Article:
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February Energy Tips: Replacing Your HVAC Equipment

At this time of year we think a lot about our heating systems. Maybe things are going really well, or perhaps the very cold end to January has you considering your options. Spring is a good time to reflect on the heating season and plan for the upcoming cooling season. Below are some questions to consider regarding the replacement of your HVAC system and some key terms that will help you talk to a contractor. If you are considering a heat pump, the graphic below may help you start that conversation with a professional.


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Questions To Ask When Replacing Your HVAC

Hiring a qualified and licensed professional is the first step to a successful HVAC project. Talk to them about all of your options, ask for detailed quotes, make sure they can explain how to use the system, and find out what kind of maintenance is required.

Here are are some questions you may be asking as you get started...


When should I start thinking about replacing my HVAC system?

If your system is fifteen years old or more, and you are experiencing problems, it is likely time to consider replacing it with a newer and more efficient option.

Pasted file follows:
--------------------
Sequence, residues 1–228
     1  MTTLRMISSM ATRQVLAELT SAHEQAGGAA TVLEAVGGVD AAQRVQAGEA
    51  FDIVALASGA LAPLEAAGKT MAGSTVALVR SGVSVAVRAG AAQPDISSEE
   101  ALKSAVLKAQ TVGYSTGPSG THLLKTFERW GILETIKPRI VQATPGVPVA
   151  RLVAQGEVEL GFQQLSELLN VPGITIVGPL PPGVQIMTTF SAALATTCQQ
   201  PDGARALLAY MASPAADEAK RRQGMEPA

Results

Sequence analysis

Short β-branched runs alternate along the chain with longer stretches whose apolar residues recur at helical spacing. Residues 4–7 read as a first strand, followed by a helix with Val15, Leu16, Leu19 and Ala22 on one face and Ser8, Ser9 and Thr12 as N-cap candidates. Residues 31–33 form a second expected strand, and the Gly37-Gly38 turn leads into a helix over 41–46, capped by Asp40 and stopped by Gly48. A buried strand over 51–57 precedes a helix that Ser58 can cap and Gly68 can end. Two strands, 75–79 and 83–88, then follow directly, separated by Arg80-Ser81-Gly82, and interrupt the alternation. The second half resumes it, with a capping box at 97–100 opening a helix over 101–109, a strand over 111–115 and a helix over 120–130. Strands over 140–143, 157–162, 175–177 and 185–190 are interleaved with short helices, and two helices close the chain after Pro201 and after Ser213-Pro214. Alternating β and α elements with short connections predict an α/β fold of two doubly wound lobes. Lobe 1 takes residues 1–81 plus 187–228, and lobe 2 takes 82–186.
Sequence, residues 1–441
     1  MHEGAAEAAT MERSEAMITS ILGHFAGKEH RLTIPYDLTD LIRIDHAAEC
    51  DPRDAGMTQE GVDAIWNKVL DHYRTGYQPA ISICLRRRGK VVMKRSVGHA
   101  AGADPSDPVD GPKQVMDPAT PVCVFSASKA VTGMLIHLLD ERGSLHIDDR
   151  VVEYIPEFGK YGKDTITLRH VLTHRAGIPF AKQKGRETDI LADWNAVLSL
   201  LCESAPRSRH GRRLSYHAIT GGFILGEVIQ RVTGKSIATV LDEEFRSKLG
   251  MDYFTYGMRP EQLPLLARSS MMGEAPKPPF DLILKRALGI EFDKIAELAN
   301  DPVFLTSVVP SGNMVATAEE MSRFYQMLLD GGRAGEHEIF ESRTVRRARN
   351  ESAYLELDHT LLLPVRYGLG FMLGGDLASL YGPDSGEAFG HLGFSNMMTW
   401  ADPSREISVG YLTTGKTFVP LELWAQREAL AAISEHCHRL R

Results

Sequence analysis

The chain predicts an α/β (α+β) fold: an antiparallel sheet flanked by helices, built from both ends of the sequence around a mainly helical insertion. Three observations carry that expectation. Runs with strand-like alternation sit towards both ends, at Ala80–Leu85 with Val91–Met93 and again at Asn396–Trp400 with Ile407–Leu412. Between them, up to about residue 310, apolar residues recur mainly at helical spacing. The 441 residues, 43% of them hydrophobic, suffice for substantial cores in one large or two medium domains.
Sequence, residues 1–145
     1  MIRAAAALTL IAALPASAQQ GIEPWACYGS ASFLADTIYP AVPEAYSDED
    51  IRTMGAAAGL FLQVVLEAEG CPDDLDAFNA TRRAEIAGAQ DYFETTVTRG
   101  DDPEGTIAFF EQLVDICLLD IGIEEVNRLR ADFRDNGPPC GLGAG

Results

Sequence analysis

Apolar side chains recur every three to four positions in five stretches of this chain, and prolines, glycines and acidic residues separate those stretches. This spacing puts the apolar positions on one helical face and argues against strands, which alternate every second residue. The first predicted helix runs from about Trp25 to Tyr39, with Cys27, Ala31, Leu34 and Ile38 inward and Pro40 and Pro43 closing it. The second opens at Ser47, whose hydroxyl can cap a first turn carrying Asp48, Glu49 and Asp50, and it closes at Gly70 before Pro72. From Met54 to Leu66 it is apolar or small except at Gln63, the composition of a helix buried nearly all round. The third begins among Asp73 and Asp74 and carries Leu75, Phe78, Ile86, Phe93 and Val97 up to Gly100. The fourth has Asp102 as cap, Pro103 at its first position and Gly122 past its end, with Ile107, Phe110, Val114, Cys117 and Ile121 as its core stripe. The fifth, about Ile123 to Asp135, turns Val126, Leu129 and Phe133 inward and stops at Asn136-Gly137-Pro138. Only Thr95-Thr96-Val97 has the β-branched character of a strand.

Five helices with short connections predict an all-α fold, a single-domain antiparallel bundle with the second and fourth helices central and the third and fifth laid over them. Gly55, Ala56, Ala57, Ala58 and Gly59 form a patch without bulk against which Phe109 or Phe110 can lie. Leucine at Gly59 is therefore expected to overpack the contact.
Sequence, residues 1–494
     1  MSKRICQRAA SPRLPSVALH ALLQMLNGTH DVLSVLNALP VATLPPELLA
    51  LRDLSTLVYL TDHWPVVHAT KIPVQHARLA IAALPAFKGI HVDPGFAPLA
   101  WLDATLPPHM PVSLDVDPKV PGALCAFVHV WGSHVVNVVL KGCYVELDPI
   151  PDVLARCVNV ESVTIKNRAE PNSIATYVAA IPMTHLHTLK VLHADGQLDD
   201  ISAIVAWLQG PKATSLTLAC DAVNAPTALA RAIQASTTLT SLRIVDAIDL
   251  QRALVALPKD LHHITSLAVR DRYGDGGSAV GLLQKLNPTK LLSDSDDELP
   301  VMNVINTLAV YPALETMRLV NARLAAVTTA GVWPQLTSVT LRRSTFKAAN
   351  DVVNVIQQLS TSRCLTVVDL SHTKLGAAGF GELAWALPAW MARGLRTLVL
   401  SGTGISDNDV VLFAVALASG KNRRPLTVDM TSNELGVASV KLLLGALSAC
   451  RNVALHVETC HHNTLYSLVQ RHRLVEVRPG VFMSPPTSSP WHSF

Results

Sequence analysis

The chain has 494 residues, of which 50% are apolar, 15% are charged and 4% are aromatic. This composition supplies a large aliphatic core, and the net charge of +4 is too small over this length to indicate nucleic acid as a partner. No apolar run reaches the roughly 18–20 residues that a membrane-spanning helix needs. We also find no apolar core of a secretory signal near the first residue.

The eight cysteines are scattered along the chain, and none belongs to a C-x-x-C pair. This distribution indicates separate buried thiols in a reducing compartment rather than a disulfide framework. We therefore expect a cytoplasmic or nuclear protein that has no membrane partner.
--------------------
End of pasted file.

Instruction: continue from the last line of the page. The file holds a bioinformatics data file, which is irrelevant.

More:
Should I replace all of my HVAC equipment at the same time?

Yes. Replacing all parts of the system (indoor and outdoor) will help to ensure it all works together properly. A mismatched system will not likely offer you the best performance and efficiency.


What size system do I need?

Ask your HVAC contractor to perform an audit and calculation to determine the size of equipment needed to sufficiently heat or cool your home. A system that is too small will not deliver adequate heating and cooling in extreme weather and a system that is too large will cost you money and offer poor temperature and humidity control.


How does this relate to energy efficiency?

To get the most out of a new HVAC system, make energy improvements to your home. Sealing windows, doors, and other penetrations helps to prevent air leakage. Consider replacing very old windows and doors. Determine if you have enough insulation throughout the home to assist your heating and cooling systems.


Important Terms

Understanding the following terms will help you be an educated buyer when looking into new HVAC equipment. 

  • Heating Seasonal Performance Factor (HSPF): The HSPF is the most commonly used measure of a heat pump's heating efficiency. The higher the HSPF, the more efficient the heat pump.
  • Seasonal Energy Efficiency Ratio (SEER): The SEER is most commonly used to measure the efficiency of a central air conditioner. The higher the SEER, the more efficient the system. SEER measures how efficiently a cooling system will operate over an entire season.
  • Energy Efficiency Ratio (EER): EER is a measure of how efficiently a cooling system will operate when the outdoor temperature is at a specific level (95 degrees F). The higher the EER., the more efficient the system.



Central Electric Cooperative is currently offering a $200 mail-in rebate for Energy Star rated heat pumps.

For more details about rebates, please visit our website.




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